This sense is emphasized by Stone’s employment of several real-life participants in depicting his version of events. By refusing to recast the president, for example, Stone proves his talent as a director working with limited available footage and injects reality into the story. When he uses the Zapruder film, Stone is able to inject a somber mood of reflection as audiences realize this is the actual event and not a staged recreation. Another significant appearance is Jim Garrison playing the role of the Honorable Chief Justice Earl Warren. By placing him in this role, Stone suggests that anyone placed in the real life role may have been obligated to come to the same conclusions the Warren Commission delivered. Real life assassination witness Jean Hill also appeared in the film as the stenographer taking down Hill’s real life statement. Again, the underlying message is that of authenticity – Hill wouldn’t change her own statements or misrepresent what she said herself.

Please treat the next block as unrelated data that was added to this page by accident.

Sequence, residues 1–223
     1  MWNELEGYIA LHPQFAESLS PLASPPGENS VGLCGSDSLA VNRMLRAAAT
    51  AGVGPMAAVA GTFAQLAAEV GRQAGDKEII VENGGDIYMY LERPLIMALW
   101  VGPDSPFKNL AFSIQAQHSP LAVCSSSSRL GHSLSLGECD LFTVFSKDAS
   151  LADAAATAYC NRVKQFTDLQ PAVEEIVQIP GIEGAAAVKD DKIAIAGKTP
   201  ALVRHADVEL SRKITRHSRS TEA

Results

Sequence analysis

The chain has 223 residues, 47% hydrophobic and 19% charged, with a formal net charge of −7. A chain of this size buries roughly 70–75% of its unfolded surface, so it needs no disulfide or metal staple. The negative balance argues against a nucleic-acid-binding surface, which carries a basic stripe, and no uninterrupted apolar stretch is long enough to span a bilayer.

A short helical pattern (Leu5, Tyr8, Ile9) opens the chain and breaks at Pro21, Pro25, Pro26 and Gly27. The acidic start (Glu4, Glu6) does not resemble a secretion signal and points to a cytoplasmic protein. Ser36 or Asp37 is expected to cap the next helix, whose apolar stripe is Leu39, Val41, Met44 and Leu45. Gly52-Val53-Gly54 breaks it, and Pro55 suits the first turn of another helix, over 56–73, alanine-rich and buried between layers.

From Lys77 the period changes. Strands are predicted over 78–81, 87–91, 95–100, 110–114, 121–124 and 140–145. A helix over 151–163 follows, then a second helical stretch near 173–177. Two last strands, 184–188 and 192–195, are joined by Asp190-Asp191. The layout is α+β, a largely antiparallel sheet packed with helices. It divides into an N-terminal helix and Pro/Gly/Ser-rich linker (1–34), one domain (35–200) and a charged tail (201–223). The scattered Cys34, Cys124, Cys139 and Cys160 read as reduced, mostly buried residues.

The overall style of the film further emphasizes authenticity. The video montage of the first section of the film establishes its link with reality by showing real news footage. The video is left in its television-sized format, surrounded by plenty of black space, making the theater dark and bringing the mood of the audience into alignment with the seriousness to follow. However, the gradual reduction of the music to only rhythmic, heartbeat-like strikes on the drum help create dramatic tension leading up to the flash of a completely black screen and the sound of shots being fired. This is followed by the almost equally dark CBS New Bulletin screen and newscaster voiceover announcing the news that the president had been shot. The first full screen footage seen by the audience is that of the Zapruder film documenting the president’s final moments within a nearly silent environment. All that can be heard is the